A. The student may submit a written request for postponement no later than five (5) days prior to a University Hearing or two (2) days prior to a Disciplinary Conference. The Conduct Officer or Hearing Officer conducting the proceeding will determine whether the request will be granted.

The availability of a support person or a specific Campus Adviser is not sufficient grounds to postpone a hearing or conference.

Q: Can the student be charged with a violation of the Code of Student Conduct for behavior that occurs off-campus?

A. The University reserves the right to take necessary and appropriate action to protect the safety and well being of the campus community, including taking disciplinary action against students whose behavior off campus indicates they pose a substantial danger to others in the University community.

A 1989 opinion of the Maryland Attorney General (“Authority to Discipline Off-Campus Misconduct,” No. 89-002) addressed pertinent constitutional issues at public institutions (private schools have more latitude to define standards of student conduct, as part of the contract of enrollment). Furthermore, the General Order on Judicial Standards of Procedure and Substance in Review of Student Discipline in Tax Supported Institutions of Higher Education, 45 F.R.D. 133, 145 (W.D. Mo.1968) states, “In the field of discipline, scholastic and behavioral, an institution may establish any standards reasonably relevant to the lawful missions, processes, and functions of the institution … Standards so established may apply to student behavior on and off campus when relevant to any lawful mission, process, or function of the institution. By such standards of student conduct the institution may prohibit any action or omission which impairs, interferes with, or obstructs the missions, processes and functions of the institution.”

Q: My client is charged with a crime off-campus. Can I get the proceedings delayed until the criminal matter is resolved?

A. The student may request a postponement, but pending criminal proceedings will not ordinarily serve as a basis to postpone a student disciplinary proceeding. The purpose of the University’s process is not to determine whether a student has violated the law; it is to determine whether a student violated the Code of Student Conduct.

A University Hearing or Disciplinary Conference need not be postponed in order to preserve a student’s Fifth Amendment rights in a subsequent criminal case—the student may exercise his or her right to remain silent.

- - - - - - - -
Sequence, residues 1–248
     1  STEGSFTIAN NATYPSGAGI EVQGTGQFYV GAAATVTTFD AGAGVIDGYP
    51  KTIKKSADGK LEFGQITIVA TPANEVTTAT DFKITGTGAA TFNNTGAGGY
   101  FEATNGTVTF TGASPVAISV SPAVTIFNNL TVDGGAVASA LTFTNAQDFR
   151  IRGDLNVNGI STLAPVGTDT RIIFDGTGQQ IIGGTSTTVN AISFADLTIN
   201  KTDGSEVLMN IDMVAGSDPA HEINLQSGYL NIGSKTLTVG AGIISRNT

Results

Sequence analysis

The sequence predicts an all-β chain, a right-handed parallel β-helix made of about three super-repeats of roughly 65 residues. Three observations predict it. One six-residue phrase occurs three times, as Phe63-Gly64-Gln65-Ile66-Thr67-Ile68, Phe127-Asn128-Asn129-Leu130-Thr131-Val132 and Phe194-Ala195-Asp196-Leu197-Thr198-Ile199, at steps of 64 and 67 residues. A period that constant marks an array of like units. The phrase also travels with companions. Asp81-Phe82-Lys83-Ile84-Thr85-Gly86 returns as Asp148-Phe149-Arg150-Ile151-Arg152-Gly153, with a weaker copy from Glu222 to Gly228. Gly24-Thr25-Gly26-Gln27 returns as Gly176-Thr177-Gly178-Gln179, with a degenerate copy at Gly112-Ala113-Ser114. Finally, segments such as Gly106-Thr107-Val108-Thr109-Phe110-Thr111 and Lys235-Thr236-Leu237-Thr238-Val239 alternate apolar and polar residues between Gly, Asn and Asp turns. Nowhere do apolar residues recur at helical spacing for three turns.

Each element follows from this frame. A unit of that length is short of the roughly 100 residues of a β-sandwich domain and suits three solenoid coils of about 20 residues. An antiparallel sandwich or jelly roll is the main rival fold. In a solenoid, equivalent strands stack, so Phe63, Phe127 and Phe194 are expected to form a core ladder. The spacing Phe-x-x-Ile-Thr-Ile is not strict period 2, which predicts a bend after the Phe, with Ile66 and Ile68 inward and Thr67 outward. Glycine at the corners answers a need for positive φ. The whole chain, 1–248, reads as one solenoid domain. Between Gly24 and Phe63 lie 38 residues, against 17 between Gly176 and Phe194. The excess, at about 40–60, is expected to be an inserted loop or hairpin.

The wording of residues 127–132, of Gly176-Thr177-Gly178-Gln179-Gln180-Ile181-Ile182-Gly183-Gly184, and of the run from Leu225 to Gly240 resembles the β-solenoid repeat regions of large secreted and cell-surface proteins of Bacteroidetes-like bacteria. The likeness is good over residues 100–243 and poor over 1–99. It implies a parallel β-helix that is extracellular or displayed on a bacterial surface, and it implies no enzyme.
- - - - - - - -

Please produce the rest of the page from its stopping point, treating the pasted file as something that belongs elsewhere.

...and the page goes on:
Q: Why would the university act on allegations of sexual assault prior to the criminal proceeding?

A. The U.S. Department of Education Office of Civil Rights guidelines (see the 2011 “Dear Colleague” Letter) require a “prompt investigation” of allegations of sexual harassment—including sexual assault.

Q: Why isn’t the student afforded the same due process protections that would be provided in a criminal proceeding?

A. The courts have long recognized that the interests of the University community differ from those of the criminal justice process. A significant body of case law has been established that outlines basic expectations of fairness in any student disciplinary process. See below for a list of relevant publications and case law.

Q: What will happen if my client refuses to participate in the University’s disciplinary process?

A. The process will continue with or without the student’s involvement. Respondents who fail to appear at a hearing or Disciplinary Conference after proper notice will be deemed to have answered “not responsible” to the pending charges. The student may not use his or her refusal to participate as grounds for appeal.

Q: Is the hearing or Disciplinary Conference recorded? Can I get a transcript?

A. An audio recording is made of each University Hearing and Disciplinary Conference. The student can request a copy of the recording, but the Office of Student Conduct does not provide transcripts.

Q: What are the student's rights of appeal?

A. The student (and the complaint party, in certain cases) can appeal the finding and/or the sanction to the Campus Appeals Committee. Appeals are decided on the basis of the record and written submissions. An appeal does not entail a new hearing or conference or the taking of additional testimony. Appeals are considered only on the following grounds:

  • a  sanction grossly disproportional to the offense
  • the discovery of new and significant evidence unavailable at the original proceeding
  • the commission of procedural errors so substantial as to effectively deny the accused student a fair disciplinary process
  • a finding of responsibility unsupported by evidence.


The Rights and Responsibilities of the Modern University: Who Assumes the Risks of College Life? by Robert Bickel and Peter Lake, published by Carolina Academic Press (1999)

The Law of Higher Education (3rd edition) by William Kaplin and Barbara Lee, Jossey–Bass Publications

Year 2000 Cumulative Supplement to the Law of Higher Education (3rd Edition) by William Kaplin and Barbara Lee, published by the National Association of  College and University Attorneys (NACUA) (2000)

Case Law

Dixon v. Alabama State Board of Education (1961, 5th Circuit)

Esteban v. Central Missouri State College (1969, 8th Circuit)

Ewing v. Regents of University of Michigan (1985, 6th Circuit)

Goss v. Lopez (1975, U.S. Supreme Court)

Hart v. Ferris State 557 F. Supp. 1379, 1386-88 (W.D. Mich, 1983)

Krasnow v. Virginia Polytechnic Institute (1977, 4th Circuit)

Osteen v. Henley (1993, 7th Circuit)

Paine v. Board of Regents of the University of Texas System (1973, 5th Circuit)

Soglin v. Kauffman (1969, 7th Circuit)